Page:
Schistosomiasis also referred to as 'Snail Fever' or 'Bilharzia' is caused by the parasite called schistosomes. These parasites live in the viens, around the bladder and intestines and there are two forms of the disease namely; urinary schistosomiasis and intestinal schistosomiasis. This is the most deadly NTD, killing an estimated 280,000 people each year worldwide.
It ranks second to malaria as the most common parasitic disease. In Cameroon, the most affected regions are ;
The three northern regions(Adamawa, North and Far North)
South West (Meme Division)
Littoral (Mungo Division)
Centre (Mbam and Inoubou Divisions)
When an infected person defecates or urinates in water, the freshwater becomes contaminated with schistosoma eggs and once the eggs hatch they grow and develop inside snails in the water. The parasite then leaves the snails and penetrates the skin of anyone who comes in contact with the water via swimming, fishing, bathing or washing dishes. The larvae migrate to the blood vessels where they mate and produce eggs. Some eggs travel to the bladder, liver or intestines and are passed into the urine or stool. Others remain trapped in the body and cause damage to internal organs.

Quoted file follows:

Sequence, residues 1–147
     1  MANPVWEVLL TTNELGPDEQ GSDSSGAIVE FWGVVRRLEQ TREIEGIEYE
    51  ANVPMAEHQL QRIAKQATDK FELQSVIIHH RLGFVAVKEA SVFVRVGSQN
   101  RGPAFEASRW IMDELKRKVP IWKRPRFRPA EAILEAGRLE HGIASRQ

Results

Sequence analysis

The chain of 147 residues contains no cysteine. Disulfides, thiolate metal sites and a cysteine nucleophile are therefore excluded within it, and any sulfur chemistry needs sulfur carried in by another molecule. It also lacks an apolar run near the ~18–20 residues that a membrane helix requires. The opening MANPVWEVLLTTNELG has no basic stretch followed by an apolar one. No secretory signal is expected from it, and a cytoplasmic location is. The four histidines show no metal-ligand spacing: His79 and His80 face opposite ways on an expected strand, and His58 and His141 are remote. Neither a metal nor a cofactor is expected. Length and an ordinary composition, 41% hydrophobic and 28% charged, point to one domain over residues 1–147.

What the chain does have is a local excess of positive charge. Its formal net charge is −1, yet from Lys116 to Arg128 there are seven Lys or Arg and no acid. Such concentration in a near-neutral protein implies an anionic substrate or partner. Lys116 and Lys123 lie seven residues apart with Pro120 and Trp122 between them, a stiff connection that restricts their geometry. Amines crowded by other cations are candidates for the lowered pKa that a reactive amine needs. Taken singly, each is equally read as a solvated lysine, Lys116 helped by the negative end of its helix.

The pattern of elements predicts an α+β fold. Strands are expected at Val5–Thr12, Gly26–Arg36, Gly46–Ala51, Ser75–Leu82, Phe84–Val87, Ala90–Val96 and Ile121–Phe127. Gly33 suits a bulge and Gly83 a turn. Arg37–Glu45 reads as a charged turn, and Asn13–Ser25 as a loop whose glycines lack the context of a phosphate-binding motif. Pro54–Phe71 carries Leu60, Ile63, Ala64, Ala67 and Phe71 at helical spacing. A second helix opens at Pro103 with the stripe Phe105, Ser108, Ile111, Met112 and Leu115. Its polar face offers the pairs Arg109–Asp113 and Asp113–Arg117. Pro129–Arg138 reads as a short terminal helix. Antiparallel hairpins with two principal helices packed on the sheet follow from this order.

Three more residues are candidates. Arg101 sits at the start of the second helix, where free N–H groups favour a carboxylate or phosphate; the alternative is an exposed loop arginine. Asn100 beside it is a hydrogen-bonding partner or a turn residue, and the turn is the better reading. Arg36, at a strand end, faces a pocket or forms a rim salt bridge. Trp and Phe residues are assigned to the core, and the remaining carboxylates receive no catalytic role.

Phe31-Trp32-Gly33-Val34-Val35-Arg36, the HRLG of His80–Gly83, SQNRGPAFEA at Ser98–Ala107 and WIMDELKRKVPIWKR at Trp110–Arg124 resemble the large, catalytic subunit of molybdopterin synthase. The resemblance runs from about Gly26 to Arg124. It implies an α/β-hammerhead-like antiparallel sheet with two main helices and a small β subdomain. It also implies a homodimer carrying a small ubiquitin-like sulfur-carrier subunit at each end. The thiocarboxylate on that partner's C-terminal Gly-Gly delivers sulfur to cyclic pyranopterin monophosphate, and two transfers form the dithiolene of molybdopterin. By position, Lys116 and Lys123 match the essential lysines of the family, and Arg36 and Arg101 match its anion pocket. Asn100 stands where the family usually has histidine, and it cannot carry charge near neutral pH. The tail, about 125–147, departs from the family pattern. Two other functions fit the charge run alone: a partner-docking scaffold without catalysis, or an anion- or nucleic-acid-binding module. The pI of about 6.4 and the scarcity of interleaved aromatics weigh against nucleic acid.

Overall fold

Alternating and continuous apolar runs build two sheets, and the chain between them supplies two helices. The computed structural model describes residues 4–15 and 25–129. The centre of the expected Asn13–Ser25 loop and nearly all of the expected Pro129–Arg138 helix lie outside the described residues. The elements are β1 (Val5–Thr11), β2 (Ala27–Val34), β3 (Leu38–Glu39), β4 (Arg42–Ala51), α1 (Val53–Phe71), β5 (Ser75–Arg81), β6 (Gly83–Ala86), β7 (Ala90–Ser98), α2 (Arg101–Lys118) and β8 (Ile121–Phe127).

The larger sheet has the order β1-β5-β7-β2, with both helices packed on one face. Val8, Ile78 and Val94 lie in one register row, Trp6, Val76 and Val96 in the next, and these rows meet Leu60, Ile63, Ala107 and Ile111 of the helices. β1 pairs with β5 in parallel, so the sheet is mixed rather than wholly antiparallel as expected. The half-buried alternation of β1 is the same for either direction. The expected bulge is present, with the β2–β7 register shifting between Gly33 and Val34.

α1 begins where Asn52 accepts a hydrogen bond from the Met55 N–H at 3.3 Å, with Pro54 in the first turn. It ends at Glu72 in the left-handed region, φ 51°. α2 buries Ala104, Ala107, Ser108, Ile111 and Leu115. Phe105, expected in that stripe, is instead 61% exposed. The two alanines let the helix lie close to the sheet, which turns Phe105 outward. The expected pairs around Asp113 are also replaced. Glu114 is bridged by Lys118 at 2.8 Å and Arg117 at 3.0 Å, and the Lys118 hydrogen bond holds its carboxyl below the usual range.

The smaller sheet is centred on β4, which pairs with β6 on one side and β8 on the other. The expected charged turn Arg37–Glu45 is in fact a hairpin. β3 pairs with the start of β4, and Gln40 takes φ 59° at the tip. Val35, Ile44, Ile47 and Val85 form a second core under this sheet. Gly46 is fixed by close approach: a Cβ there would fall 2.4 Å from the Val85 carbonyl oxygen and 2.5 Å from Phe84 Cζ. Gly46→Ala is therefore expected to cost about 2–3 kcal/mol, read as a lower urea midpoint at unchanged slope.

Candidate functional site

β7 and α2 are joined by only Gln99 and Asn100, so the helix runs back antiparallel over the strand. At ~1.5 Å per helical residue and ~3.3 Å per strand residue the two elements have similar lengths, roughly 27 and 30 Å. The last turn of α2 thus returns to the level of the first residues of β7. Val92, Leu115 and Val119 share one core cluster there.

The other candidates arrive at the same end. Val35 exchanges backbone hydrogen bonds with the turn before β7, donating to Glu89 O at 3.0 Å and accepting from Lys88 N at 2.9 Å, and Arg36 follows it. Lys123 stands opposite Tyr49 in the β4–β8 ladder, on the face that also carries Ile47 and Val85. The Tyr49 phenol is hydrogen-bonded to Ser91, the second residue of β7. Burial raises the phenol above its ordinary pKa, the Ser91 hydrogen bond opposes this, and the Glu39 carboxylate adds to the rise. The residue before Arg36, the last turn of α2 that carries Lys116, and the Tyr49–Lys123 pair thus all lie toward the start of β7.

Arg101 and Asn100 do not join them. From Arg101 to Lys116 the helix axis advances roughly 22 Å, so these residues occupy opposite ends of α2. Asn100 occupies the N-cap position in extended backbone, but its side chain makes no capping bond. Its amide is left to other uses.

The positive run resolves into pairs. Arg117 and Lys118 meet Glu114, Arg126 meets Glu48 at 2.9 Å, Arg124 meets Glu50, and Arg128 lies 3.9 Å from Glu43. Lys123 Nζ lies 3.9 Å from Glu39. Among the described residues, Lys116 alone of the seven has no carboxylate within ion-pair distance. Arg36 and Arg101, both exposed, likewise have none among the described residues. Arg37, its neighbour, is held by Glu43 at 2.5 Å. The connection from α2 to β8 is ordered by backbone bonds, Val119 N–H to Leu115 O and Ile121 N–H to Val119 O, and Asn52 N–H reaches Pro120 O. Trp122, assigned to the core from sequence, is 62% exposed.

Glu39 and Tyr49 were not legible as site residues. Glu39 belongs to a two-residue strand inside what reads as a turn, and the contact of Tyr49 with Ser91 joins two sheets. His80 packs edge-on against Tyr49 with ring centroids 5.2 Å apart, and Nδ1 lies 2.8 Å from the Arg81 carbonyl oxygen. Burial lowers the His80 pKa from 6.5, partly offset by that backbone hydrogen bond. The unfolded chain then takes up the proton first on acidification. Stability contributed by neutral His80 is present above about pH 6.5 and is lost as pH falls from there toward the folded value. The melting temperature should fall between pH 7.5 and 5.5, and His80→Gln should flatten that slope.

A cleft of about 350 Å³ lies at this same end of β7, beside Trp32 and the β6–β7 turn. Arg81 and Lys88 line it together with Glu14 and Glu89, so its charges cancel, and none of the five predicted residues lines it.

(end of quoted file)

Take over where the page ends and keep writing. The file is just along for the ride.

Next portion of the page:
Symptoms for the disease vary depending on the type of worm involved and the location of the parasite inside the body, and can include:
- Initial itching and rash at the infection site (“swimmer’s itch”)
- Frequent, painful or bloody urine
- Abdominal pain and bloody diarrhoea
- Fever, chills and muscle aches
- Inflammation and scarring of the bladder
- Lymph node enlargement
- Enlargement of the liver or spleen
- Secondary blood disorders in cases of colon damage
- If infection persists, bladder cancer may eventually develop in some cases
- Children with repeated infection can develop anemia, malnutrition and learning disabilities.
The most effective form of treatment is use of the drug praziquantel which is given according to height using a dose pole. However, the main way to avoid getting infected is to;
- Always use latrines instead of defecating or urinating in or near the water.
- Avoid contact with contaminated water.
- Wear boots and gloves in swampy areas.
- Be treated at least once a year if you live in schistosomiasis endemic areas.